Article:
42.6” wide, 28.5” high, 5” deep
Antenna weight: 6 lb.
All the 8-bay makers seem to be copying each other’s mistakes. The DB-8 has some of the same harness errors as the 4228HD. Replacing the harness with two baluns and a combiner would make it the same as the old DB-8. But the DB-8 is not fixable. The DB-8 dipole elements are only 6.2 inches long, compared to 8.0 inches for the 4228. This biases the DB-8 toward the higher channels. The DB-8 was always a bit weak below channel 40. Now that channels above 51 are gone, it is no longer a reasonable antenna, even with the harness fixed. Some day AntennasDirect will figure out that they have to rescale this antenna.
DB8 Net Gain:
Plot A is the new DB8. The harness and balun are included in the simulation.
Plot B is the old DB8, but excludes the losses in the combiner and baluns. The author has not measured these losses. Combiners often lose 1 or 2 dB at the highest channels, and transformer balun losses are similar. So this plot overstates the gain of the old DB8 by maybe 3 dB at the high end
Plot C is the raw gain of the DB8 with the combiner and balun removed. The net gain would be close to this if the combiner and balun were low loss devices.
The simulations show a problem below channel 20 for the DB-2, DB-4, and DB-8. This is the result of a resonance in the vees of each dipole. (The wire of each vee, if straightened out, is 12.4 inches long. This is a half-wave at 490 MHz, and results in a standing wave at this frequency. In other words, each leg of the vee has the opposite current from the other leg when the antenna is viewed from the front. This results in much radiation in the vertical direction, which saps the gain in the forward direction.) These dipoles are simply too short.
The right and left dipoles are set farther apart (by 3.4 inches) on the DB-8, compared to the 4228. This results in larger minor lobes in the azimuth (view from overhead) pattern, but it also narrows the main lobe. As a result the DB-8 is probably better at rejecting multi-path than the 4228. The major null is at about 25° for the DB-8, 30° for the 4228. The following table shows the beam widths (measured to the half-power points):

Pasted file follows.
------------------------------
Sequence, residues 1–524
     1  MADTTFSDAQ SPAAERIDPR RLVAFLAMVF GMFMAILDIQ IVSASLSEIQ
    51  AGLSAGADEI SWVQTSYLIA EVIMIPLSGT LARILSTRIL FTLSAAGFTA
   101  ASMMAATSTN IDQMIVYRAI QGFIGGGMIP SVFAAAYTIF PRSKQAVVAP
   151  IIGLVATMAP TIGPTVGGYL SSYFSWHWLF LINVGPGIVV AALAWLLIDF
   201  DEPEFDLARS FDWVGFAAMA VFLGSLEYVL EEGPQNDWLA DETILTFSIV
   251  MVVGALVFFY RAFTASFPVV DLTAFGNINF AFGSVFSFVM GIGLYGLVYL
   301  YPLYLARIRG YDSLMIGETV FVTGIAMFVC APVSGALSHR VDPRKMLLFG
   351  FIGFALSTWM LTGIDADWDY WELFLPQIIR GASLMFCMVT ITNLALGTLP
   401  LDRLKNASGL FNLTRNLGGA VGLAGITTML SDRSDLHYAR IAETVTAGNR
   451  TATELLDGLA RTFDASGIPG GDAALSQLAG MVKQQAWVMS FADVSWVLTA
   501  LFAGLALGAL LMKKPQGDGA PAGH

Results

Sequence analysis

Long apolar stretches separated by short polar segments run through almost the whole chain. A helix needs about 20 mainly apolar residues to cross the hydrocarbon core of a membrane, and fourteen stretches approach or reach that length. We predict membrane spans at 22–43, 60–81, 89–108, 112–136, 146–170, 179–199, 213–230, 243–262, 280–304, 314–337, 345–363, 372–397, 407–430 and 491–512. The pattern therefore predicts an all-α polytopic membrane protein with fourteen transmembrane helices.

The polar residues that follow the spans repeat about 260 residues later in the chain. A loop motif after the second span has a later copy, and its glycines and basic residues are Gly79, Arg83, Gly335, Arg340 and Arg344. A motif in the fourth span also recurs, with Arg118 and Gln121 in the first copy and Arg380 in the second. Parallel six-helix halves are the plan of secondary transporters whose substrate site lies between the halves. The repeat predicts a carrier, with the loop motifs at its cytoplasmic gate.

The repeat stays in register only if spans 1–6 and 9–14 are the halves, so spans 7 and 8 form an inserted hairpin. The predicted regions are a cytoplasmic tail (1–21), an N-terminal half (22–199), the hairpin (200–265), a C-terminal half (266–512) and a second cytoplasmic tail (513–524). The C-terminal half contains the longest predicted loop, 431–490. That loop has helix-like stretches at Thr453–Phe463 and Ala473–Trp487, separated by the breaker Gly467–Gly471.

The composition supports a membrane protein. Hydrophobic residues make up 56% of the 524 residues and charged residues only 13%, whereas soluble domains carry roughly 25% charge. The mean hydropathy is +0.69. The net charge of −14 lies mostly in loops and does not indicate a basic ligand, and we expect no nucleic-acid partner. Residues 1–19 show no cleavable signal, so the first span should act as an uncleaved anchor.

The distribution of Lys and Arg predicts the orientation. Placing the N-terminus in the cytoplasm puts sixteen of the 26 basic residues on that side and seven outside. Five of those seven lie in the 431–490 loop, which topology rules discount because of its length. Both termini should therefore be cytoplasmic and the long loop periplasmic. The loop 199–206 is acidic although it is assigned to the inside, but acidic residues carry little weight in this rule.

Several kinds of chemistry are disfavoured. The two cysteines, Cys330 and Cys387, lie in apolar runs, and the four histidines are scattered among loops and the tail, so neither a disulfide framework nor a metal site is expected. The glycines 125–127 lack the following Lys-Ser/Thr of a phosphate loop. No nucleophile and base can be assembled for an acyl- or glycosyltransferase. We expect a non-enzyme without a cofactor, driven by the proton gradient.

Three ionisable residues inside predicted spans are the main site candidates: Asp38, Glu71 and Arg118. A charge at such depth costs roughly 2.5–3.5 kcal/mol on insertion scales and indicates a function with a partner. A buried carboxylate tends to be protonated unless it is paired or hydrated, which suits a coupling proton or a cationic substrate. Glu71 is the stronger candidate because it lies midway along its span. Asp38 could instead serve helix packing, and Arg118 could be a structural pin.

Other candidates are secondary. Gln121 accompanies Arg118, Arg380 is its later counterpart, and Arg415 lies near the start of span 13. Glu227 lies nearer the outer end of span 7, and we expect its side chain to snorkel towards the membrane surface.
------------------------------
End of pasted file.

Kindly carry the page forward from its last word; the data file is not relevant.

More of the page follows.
ch 20: ch 30: ch 40: ch 50: ch 60: average:
DB-8 25.3° 23.2° 21.0° 19.0° 17.7° 21.2°
4228 32.2° 26.2° 25.7° 22.3° 19.4° 25.2°
DAT-75 44.3° 39.2° 34.8° 30.5° 26.6° 35.0°
AntennasDirect calls the DB-2, DB-4, and DB-8 “Multi-directional antennas”. There is good justification for calling the DB-2 and DB-4 multi-directional, but the DB-8 is one of the most directional antennas you can buy. AntennasDirect is simply flat wrong about this. You must keep in mind that an 8-bay is very different from its kin.
High gain antennas like this one are big, hard to aim, and hard to keep up in bad weather. The author does not normally recommend this antenna inside 25 miles. But there are two exceptions to this:
1. A very high gain antenna might be necessary behind a hill or in a valley.
2. When an obstruction is causing multi-path, a very directional antenna such as this one can reject signal from the wrong directions.
The DB8 balun
The diagram comes from the ARRL Antenna Book. The DB8 balun is the same except the U-section has been divided into two quarter-wave transformers having characteristic impedances of 54 and 75 ohms, velocity factor 0.60. It will match 200 ohms with 75 ohms, making it a 2.66:1 balun.
This balun is a good impedance transformer but not a very good balun. A balun is supposed to block unbalanced currents. This one creates them. Also it does not prevent radiation from the coaxial shield. A balun of the 4228HD general type would have been a little better.
This balun will mostly filter out VHF, so don’t even think of buying this antenna for VHF.
This page is part of “An HDTV Primer”, which starts at www.hdtvprimer.com